Lower back pain | Sunday Observer

Lower back pain

22 November, 2020

Lower back pain is the pain in the lower third of the spine. I will be discussing neck pain separately.

Lower back pain can be acute or chronic. Pain lasting less than three months is classified as acute back pain and pain lasting more than three months is chronic back pain. I recommend the readers to read this article in combination with my last week’s article in the Sunday Observer (15/11/20) on back pain.

In this article I will discuss the causes of lower back pain. Last week I was following an international zoom meeting on back pain. At this meeting the percentages given as causes of chronic lower back pain were:

A. Pain due to disc problems - 40%

B. Pain due to facet joints - 40%

C. Pain due to Sacroiliac joint issues - 20%

But I would like to add muscular pain as a cause of lower back pain which is not uncommon.

The causes of lower back pain can be divided into six main groups. I have summarised it as a simple classification so that the layman can understand.

1. Muscular pain

2. Ligamental pain

3. Vertebral pain

4. Pain due to discs

5. Facet joint pain

6. Sacroiliac joint pain

Muscular Pain

This can be a common cause of acute LBP. In some it can last for more than three months and become a cause for chronic lower back pain.

Muscle pain can be due to tension on para lumbar muscles on either side of the lumbar spine. This can be due to trauma i.e. injuries, sprains due to sleeping patterns, weight lifting, exercise, etc. There is also a common condition known as Fibromyalgia which can cause chronic muscular pains. I find more patients in England with this condition compared to Sri Lanka.

Depression and anxiety is closely associated with this condition. I find the Sri Lankan population less depressed than the western population, probably due to close family ties and the weather. This may be the reason for not having many patients with fibromyalgia in Sri Lanka.

On examination the patient may have tender points (trigger points).


No X rays, MRI scans or blood investigations are necessary.

It’s mainly a clinical diagnosis.

A good history and a good physical examination of the patient will give a clue to the diagnosis.

In my experience in Sri Lanka I find patients with many blood investigations multiple X rays and MRI scans carried out unnecessarily.

Treatment for muscular pain:

  • Simple analgesics
  • No bed rest
  • Acupuncture
  • Physiotherapy - Referred by a pain consultant to a physiotherapist.
  • Trigger point injections
  • Botox injections for spasticity
  • Antidepressants depending on the patient’s psychological status.

Lower back pain due to inflamed and stretched ligaments in the spine

Inflammation of the ligaments also cause pain in the back. The main cause is trauma.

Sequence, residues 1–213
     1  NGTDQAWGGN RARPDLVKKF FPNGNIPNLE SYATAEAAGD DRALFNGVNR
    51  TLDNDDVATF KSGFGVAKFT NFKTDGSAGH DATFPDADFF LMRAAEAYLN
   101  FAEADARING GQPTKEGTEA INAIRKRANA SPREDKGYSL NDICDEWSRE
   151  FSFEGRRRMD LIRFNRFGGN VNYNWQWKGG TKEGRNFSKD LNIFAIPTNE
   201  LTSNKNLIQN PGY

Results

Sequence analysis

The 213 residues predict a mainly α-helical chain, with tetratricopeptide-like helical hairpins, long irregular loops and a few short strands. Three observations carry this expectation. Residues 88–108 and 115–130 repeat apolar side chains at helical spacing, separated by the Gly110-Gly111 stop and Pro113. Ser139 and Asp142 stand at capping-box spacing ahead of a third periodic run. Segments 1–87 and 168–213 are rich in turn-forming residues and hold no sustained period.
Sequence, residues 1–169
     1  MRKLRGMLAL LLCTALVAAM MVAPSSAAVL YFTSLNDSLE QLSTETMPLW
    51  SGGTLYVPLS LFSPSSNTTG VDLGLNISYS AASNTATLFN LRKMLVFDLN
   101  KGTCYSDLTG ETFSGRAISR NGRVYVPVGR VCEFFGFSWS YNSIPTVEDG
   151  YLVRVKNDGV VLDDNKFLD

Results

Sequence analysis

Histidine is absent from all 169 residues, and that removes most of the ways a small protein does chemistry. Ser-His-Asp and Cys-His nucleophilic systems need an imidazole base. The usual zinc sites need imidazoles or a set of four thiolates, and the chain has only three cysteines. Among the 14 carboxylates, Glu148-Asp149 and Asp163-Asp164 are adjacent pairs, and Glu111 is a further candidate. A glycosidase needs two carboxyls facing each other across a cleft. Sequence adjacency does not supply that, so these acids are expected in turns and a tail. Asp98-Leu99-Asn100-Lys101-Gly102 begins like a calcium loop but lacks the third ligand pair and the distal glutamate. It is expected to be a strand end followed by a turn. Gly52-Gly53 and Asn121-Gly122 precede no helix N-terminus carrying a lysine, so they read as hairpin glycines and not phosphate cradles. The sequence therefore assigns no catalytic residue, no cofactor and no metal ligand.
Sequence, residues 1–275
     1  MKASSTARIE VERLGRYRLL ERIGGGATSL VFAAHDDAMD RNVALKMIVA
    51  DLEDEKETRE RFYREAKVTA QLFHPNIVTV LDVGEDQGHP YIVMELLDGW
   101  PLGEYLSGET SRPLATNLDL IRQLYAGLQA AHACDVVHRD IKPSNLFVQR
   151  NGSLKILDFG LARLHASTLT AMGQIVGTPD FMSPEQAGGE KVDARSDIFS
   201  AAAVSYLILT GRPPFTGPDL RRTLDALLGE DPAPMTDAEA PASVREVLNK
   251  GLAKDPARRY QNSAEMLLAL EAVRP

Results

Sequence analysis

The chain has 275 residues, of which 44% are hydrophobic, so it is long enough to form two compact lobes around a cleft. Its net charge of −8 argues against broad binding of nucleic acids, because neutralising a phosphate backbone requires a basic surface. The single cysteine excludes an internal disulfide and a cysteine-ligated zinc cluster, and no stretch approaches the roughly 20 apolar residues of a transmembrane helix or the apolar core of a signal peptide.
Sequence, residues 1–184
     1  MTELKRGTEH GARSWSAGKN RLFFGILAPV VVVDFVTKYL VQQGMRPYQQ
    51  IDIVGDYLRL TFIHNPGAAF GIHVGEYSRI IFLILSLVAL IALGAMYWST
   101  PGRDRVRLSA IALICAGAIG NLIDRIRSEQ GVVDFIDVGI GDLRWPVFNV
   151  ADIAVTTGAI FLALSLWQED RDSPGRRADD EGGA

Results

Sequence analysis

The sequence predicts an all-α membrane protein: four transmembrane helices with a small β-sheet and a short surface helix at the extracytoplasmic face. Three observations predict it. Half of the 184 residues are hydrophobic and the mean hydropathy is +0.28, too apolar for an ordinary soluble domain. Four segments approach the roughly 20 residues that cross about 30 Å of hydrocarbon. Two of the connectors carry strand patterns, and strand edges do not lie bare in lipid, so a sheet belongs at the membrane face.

The ligaments connected to the spine from organs can cause pain due to stretching. The best example is the lower back pain in pregnant women.

Ligaments holding the heavy uterus is connected to the spine. Increased pulling of ligaments towards the latter part of the pregnancy can give rise to back pain. Back pain usually subsides when the baby is born.

Lower back pain due to changes in the vertebrae

Fracture of the vertebral body can lead to severe back pain. Fractures can result due to trauma and osteoporosis. Spontaneous fractures of the vertebral body can take place due to severe osteoporosis.

Osteoporosis leading to fractures of the vertebrae

Carrying out a dorsal root ganglion block for a fracture of a vertebral body causing pain is an accepted therapeutic procedure of the spine.

Dorsal root ganglion - Anatomy

Below is a procedure that was carried out on November 19 on a young man from Afghanistan. He is 21 years old and a university student based in Sri Lanka. He suffers from lower back pain and pain down the left leg (sciatic pain).

On examination para lumbar muscles on the left side was tensed (spastic) and there were many trigger points. There was no visible kypho scoliosis (crooked spine) on examination. He had Trigger point injections to the para lumbar muscles, Caudal Epidural, Epidurogram, Bilat L3-S1 facet injections. I noticed a mild scoliosis in the lumbar region while X raying the lower back during the procedure.

This article is written from Dr Namal Senasinghe’s personal experiences. Dr Senasinghe MBBS Dip in Pain Med FFARCS FFPMCA is a consultant in pain medicine with international experience. He lived and worked in U.K. for 25 years and opened the London Pain Management Centre at No. 31, Horton Place, Colombo 7, Sri Lanka on September 2, 2020. The occasion was graced by Prime Minister Mahinda Rajapaksa.

Website www.londonpainmanagementcentre.co